From Oporto to the Spanish border was quite a distance but I was surprised to find that the land was not used in any meaningful way. There were little evidence of organised farming of oak trees or olive trees, the pastures were not used for grazing and yet there was water in the river and unlike the Spaniards who planted wind turbines and solar panels to capture wind and solar energies the Portuguese did very little to harness the resources in their environment. Maybe I was not looking hard enough or maybe they are growing oxygen for humanity. Not until we were near the Spanish border that I found some Portuguese men working on the land and some sheep grazing. Could it be the Spanish influence? Miguel might have something to say to refute my inference of indolence or the Portuguese Government being inactive. 

We arrived at the ancient university town of Salamanca late in the afternoon. As our hotel was only next to the "Plaza Mayor" of Salamanca, we wasted no time to explore its surroundings as the cathedral is only a few minutes away. The place comes alive with young people, mostly university students. It reminds me of my working days at my university. After dinner we ventured out again as there was light even pass 9:30 PM. We were told that the lights at "Plaza Mayor" would light up at night so we waited for the moment to arrive. At 10:05 PM the square suddenly lit up and it was a sight to behold. We went to the Cathedral and found the same and it seemed that the town came alive again. Did it ever sleep, I wondered?

Declared a UNESCO World Heritage Site in 1985, it was hailed as a typical 16th century Spanish city. The construction work started in 1090. The wall has a perimeter of 2516 m with 88 semicircular towers and an average height of 12 m and has 9 gates. Unfortunately we couldn't stay overnight because it is illuminated at night. We tried to walk around the walled city as much as we could but we were not given enough time but Miguel was kind enough to allow us a stop outside the city to film the beautiful city. It was quite a sight at a distance.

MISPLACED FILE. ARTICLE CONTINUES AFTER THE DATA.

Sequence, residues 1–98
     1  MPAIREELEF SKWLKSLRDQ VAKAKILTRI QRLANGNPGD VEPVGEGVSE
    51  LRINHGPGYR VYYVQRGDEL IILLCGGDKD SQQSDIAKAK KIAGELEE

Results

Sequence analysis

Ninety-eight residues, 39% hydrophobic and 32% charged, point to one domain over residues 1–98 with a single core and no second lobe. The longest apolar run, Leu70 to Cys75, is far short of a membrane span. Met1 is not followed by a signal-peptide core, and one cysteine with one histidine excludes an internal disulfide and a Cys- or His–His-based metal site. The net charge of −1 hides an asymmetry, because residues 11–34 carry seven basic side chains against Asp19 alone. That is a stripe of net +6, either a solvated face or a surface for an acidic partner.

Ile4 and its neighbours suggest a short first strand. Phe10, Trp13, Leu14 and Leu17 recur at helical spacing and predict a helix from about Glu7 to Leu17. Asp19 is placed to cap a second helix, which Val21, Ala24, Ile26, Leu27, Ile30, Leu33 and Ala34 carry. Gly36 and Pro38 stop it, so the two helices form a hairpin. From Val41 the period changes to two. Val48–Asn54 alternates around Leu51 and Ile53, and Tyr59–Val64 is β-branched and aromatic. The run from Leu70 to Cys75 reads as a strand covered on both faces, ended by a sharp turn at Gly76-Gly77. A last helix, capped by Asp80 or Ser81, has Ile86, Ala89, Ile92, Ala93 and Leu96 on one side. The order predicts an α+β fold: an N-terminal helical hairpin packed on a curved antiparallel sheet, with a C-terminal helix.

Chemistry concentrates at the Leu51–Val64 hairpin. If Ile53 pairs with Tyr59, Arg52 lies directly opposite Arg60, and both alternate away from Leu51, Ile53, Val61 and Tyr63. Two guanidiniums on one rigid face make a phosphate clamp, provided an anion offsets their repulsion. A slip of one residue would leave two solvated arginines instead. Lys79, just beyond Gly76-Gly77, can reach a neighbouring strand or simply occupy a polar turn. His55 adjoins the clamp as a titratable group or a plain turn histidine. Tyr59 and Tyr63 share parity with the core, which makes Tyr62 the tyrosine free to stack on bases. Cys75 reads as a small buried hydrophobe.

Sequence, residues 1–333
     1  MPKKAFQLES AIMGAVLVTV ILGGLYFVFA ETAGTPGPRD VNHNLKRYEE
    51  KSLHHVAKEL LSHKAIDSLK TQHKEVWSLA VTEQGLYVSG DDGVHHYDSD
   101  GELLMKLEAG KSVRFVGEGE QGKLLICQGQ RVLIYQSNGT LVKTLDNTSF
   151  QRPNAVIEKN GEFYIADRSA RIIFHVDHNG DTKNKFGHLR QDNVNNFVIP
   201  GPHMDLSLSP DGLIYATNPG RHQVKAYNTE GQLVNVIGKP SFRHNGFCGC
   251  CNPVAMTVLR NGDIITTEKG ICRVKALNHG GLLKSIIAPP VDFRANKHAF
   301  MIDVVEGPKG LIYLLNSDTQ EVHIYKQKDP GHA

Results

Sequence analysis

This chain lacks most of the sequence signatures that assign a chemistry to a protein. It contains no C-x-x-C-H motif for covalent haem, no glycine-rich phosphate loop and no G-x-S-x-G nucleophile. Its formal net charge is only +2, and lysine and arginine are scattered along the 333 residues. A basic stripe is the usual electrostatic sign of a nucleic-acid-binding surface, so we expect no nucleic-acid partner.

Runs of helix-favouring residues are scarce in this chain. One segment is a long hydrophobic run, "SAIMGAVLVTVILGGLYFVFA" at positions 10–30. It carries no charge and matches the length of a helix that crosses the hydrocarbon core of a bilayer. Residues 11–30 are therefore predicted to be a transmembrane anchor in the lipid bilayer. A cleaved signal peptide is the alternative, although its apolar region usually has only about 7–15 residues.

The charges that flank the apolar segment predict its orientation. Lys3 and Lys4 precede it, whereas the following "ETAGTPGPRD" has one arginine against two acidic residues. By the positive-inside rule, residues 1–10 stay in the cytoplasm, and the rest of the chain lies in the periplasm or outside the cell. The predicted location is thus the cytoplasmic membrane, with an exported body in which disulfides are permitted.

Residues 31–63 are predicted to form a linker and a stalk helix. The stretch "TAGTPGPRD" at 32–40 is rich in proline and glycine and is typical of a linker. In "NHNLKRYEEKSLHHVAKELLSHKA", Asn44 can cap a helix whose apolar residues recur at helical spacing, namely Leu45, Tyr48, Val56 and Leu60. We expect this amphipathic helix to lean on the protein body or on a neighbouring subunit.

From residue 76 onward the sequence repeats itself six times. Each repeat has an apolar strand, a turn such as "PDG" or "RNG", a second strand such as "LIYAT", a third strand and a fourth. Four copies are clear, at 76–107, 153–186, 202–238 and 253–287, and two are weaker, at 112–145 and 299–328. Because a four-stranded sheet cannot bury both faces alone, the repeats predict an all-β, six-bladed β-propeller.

Another medieval town, it was famous for its 2000 years old Roman aqueduct which continued to carry water to the city until the 19th century. At its tallest, the aqueduct reaches a height of 28.5 m, including nearly 6 m of foundation. There are both single and double arches supported by pillars. From the point the aqueduct enters the city until it reaches Plaza de Díaz Sanz, it includes 75 single arches and 44 double arches (or 88 arches when counted individually), followed by four single arches, totaling 166 arches in all. Amazing feat when you consider that it is built of unmortared brick-like granite blocks. After taken a group photo we went to visit the Segovia castle. Originally built as a fortress, it is one of the most distinctive castle-palaces in Spain by virtue of its shape --- like the bow of a ship. Looking at it I was wondering where I've seen it before and it turns out to be Walt Disney's Cinderella Castle. We didn't have time to go inside to inspect the interior but having visited the royal palace in Madrid we thought it would be similar.

An hour later we stepped back to modernity when we sported Madrid's modern skyline of 4 distinctive skyscrapers. We stayed in Madrid for two more days to digest its history and culture which we had sampled in the last fortnight. I would recommend Spain to anyone visiting Europe because of its beauty and passions. Had Spain and Portugal not been occupied by the Moors it would have been a different story. I came and I enjoyed what I saw. I hope that some day I will have another chance to visit this memorable country again.

Still fresh from images of the Atlantic, Magdalen and I flew back to Hong Kong via London to spend another week there to say goodbye to family and friends. Last year we flew east from the Pacific in Hong Kong to the west coast of America and saw a fair bit of the Rockies in the US and then Canada as far north as the Inside Passage of Alaska and we saw some of the best scenery in the world. This year we traveled west from Hong Kong and crossed many oceans and seas from the Pacific to the Atlantic and feasted ourselves of many ancient cultures: Hellenistic, Islamic, Roman and Iberian. To complete the hemispheres we have to travel to the east coast of America. It will be a long distance to cover yet again for someone who live in the arse end of the world.       

--- By Philip Lee